8. Fisk Memorial Chapel

One of the nicest spirits in Nashville lingers at Fisk Memorial Chapel. Most of the time, she is more noticed in her absence than her presence. You’ll walk into the empty chapel and the air will still be humming, as if someone has just finished playing the organ. Or you will shuffle into your spot in the choir loft and there will be the faint smell of rose water, as if a woman was standing there just seconds before you.

The reason she is one of Nashville’s most beloved ghosts has everything to do with the women’s restroom. You see, to get into the women’s restroom, you open a door on the north side of the vestibule and immediately, you must step down a set of stairs. These stairs are incredibly steep, each step so shallow you think your whole foot might not fit on it, and then the whole thing takes a sharp turn to the left at the bottom, into the actual restroom itself.

No matter how sure-footed you are, if you are in heels, taking those stairs is taking your life into your own hands. And yet, if you are at the chapel for any length of time, you will have to take those stairs.

And, often, as you have your right hand stretched down the wall to steady yourself and your left hand is out behind you, tightly wrapped around the banister, and you are half-leaning forward to see if anyone will need to squeeze by you on the way up, just at the moment you feel like you are about to tip forward and end up sprawled in a broken heap at the bottom of the stairs, you will feel a firm but gentle grip on your arm, a kind fellow visitor setting you right again.

But, of course, when you turn to look, to thank your rescuer, the steep stairway is empty.

Some people have been known to leave gifts of appreciation for her on those steps, but I must implore you not to make them any more dangerous to traverse than they already are.

Dropping Books Off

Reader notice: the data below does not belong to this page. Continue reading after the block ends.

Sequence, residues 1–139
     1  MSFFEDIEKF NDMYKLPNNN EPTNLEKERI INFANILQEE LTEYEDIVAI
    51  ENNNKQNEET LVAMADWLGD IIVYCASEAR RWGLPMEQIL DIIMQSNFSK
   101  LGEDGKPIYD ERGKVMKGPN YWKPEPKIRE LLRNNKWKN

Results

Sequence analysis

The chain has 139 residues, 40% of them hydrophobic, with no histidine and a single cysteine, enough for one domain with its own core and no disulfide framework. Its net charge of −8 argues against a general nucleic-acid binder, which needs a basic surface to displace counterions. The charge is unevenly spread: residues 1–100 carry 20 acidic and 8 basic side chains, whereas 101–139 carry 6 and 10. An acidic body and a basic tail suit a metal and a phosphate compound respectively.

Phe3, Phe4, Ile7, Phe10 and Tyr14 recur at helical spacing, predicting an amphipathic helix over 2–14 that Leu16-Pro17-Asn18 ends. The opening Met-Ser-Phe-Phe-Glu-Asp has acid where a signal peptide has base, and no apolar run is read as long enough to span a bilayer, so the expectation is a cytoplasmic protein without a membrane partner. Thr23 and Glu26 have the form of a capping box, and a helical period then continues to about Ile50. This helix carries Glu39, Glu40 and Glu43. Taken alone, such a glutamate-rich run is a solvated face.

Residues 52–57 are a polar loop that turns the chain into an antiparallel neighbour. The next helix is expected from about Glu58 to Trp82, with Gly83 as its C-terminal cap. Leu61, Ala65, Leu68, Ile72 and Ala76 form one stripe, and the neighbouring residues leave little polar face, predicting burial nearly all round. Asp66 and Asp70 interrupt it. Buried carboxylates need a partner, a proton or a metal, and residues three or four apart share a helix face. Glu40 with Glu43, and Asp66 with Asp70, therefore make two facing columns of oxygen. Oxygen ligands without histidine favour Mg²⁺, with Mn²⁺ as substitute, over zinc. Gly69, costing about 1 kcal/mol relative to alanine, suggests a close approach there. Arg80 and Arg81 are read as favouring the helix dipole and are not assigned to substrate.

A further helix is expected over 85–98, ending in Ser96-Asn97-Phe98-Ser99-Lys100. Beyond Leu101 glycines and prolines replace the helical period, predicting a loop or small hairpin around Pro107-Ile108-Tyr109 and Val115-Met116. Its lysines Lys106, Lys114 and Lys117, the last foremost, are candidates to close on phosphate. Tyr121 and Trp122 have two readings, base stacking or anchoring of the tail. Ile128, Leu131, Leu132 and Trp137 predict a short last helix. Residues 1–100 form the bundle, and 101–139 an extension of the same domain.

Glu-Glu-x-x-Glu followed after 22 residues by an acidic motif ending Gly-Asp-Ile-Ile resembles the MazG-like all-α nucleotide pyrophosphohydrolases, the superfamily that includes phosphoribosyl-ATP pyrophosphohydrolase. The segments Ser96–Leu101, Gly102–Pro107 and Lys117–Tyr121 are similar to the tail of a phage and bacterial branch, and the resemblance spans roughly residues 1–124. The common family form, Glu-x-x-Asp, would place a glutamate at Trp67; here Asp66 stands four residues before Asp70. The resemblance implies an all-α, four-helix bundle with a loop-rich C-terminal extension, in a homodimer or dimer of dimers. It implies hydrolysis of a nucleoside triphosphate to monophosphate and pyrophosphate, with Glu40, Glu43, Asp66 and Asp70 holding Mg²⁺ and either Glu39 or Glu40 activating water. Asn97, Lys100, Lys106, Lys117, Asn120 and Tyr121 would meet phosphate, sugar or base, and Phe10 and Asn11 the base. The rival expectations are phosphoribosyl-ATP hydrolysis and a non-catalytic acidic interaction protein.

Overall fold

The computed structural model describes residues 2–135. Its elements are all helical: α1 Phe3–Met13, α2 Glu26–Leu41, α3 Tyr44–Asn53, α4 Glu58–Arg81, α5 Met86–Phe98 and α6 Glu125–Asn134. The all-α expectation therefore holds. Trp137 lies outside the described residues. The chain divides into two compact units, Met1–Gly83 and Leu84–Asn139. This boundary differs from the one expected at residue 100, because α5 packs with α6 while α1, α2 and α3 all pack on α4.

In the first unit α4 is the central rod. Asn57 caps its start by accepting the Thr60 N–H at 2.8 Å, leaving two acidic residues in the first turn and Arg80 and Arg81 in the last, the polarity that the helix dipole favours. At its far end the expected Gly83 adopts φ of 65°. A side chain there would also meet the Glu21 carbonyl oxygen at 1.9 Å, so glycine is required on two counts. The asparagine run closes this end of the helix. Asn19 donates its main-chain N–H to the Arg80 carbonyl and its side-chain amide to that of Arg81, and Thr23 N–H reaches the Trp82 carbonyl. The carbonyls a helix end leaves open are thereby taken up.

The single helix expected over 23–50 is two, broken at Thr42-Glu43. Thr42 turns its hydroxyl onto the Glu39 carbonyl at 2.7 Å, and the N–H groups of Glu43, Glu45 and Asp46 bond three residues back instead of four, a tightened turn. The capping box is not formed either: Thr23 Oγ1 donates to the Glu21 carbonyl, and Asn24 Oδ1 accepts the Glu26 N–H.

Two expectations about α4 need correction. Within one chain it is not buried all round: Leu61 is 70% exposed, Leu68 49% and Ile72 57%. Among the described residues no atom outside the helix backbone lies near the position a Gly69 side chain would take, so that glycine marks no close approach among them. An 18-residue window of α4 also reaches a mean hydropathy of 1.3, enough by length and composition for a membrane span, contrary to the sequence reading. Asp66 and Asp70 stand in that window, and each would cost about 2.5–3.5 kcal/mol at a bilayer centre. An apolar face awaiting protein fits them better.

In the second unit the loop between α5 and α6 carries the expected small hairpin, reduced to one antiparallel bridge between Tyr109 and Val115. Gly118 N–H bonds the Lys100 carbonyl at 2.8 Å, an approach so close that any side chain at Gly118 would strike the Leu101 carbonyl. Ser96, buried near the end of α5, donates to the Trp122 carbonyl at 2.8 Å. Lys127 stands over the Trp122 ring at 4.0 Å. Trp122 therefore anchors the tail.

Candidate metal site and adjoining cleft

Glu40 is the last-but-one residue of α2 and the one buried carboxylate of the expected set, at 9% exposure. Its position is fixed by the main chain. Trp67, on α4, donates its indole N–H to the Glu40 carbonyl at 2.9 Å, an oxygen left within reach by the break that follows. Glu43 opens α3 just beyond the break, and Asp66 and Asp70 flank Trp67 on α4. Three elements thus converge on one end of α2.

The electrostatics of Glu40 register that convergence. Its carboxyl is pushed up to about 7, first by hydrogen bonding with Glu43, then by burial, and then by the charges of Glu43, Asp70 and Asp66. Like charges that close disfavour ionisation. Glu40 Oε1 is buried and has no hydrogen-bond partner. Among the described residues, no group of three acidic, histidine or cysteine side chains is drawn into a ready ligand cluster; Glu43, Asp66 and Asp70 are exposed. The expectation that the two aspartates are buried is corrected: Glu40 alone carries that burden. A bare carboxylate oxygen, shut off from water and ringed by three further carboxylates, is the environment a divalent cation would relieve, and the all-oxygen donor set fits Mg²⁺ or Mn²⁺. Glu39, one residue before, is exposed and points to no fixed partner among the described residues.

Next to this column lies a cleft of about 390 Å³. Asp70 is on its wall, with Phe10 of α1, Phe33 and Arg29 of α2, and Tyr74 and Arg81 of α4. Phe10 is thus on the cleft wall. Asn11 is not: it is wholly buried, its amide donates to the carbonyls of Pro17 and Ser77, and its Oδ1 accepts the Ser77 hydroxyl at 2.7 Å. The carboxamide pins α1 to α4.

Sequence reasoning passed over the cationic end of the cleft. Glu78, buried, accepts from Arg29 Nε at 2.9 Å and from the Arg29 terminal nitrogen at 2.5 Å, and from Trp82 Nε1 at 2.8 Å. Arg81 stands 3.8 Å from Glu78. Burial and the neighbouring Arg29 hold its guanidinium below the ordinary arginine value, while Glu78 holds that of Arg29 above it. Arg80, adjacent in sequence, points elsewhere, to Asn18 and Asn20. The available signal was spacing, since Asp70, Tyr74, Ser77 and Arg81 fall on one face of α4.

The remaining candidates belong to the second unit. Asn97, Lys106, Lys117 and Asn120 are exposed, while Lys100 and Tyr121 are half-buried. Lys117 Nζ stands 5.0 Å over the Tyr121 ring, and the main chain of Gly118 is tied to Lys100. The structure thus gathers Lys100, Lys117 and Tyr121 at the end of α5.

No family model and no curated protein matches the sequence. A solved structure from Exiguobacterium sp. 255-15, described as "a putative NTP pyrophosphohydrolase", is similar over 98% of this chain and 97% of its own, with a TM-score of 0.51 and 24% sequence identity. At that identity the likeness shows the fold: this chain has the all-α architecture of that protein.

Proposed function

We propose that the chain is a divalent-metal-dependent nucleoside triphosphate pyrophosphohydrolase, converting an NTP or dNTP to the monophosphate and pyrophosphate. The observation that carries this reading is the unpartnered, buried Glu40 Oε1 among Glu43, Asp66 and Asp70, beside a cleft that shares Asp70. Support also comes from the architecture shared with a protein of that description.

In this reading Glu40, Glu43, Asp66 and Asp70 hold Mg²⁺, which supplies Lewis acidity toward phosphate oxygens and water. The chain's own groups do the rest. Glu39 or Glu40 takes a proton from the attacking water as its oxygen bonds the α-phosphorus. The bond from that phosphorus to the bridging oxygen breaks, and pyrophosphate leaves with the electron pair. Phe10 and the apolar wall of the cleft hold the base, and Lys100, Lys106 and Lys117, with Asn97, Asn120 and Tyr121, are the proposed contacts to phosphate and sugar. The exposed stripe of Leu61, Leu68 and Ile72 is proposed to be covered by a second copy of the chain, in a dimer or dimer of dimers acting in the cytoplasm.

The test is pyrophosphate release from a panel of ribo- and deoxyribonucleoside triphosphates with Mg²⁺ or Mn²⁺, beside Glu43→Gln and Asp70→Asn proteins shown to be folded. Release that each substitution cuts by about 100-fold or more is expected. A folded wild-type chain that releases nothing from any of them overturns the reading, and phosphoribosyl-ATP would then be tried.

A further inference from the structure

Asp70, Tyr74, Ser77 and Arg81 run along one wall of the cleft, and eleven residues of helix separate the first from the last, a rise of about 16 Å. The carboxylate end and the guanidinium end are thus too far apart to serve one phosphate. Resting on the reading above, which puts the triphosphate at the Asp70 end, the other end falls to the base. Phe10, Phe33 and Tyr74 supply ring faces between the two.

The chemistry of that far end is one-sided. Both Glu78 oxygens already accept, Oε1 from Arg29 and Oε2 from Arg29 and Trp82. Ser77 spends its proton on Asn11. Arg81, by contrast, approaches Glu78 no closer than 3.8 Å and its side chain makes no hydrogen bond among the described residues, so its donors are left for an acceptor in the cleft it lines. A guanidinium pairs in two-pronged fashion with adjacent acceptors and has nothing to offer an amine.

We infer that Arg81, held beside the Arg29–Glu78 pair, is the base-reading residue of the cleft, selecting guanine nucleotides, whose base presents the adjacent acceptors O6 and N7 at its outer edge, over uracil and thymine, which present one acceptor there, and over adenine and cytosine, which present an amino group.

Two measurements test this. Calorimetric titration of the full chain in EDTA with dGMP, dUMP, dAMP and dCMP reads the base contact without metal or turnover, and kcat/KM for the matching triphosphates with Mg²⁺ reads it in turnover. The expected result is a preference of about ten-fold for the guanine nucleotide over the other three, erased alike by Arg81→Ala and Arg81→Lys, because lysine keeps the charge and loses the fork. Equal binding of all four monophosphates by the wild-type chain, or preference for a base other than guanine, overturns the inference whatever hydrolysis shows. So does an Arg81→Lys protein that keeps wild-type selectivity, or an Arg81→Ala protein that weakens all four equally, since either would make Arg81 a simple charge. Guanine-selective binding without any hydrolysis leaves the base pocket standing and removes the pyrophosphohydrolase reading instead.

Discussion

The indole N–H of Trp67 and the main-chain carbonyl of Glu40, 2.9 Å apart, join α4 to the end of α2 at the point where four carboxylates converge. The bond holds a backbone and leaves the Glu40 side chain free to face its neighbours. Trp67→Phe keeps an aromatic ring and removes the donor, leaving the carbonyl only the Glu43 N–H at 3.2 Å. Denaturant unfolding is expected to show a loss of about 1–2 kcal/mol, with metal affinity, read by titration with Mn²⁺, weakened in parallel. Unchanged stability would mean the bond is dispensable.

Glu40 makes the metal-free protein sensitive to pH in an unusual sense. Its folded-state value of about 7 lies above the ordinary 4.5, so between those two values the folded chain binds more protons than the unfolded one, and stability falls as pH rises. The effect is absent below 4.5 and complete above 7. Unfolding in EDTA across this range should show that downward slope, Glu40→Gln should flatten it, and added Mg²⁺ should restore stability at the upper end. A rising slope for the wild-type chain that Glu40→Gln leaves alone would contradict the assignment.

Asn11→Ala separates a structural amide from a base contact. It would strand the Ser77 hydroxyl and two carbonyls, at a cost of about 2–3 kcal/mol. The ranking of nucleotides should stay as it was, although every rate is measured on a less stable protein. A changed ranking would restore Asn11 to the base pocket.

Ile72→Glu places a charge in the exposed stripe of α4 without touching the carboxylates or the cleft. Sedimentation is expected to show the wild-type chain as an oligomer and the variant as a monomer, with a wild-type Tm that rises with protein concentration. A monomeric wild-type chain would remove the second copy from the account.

This morning the Butcher and I dropped all the books I have in the world, except two, off at the Southern Festival of Books. If you have never been to a conference before, the most fun part is when people are getting ready. Today, for the Southern Festival of Books, is no exception. Large men were hoisting tables already stacked with books into position. More large men were yanking large ropes that sent banners up into the air. Police chatted amiably with people parking quasi-illegally along Charlotte to unpack.

And there went my books. Off into the hands of people who will put them on long tables.

And we will all hope someone who might like it will pick it up and bring it home.

Tomorrow, I have the stage for a whole hour. I’m supposed to be spending some time today figuring out what to read.

I’m excited. I hope people come. My parents will be there, so, if you’re in Nashville, and you’ve ever been curious about who would raise me up, you can meet them. My secret goal is to make my mom scream or yelp or something. That would be awesome.

Happy People Make Boring Bloggers

I am sorry, y’all. I feel like things around here have been a little dull. But the truth is that I have just been happy. You think you’re suffering, think of all the poor Pith readers who have been subjected to happy trips to the park or the cemetery or whatever. Okay, I guess that’s the same as over here.

Allow me a little moment of woo-woo crap. (Fair warning if you’re not interested).

But when I first started running into the Old Man, I kind of liked him because I already recognized that kind of energy. I already knew and was intrigued by secret things and boundary pushing and niceness that could snap back into meanness. I knew what it was like to love words and, hell, to feel like words were your secret thing. And I was not that far removed from my experiments with death.

Yes, there was a lot that blew my mind, but at some level, damn, it felt like coming home. I really got that.

A few weeks ago, I had a vision that we were sitting at a table and he introduced me to his red-headed son, who was large, literally and figuratively. And he was simple, in a way. Solid. Good. Proud. Content. Not energy I’m used to, frankly.

And that’s who I feel I’m getting to know. And I feel like I’m starting to get why we were so loyal to him, back before.

You know my theory–that Santa Claus is just a disguise the Old Man and his red-headed son settled on so that they could come with us into the Christian era?

It does kind of feel like Christmas around here, but different, too.

I feel deeply Lucky.

But it sometimes makes for boring blogging.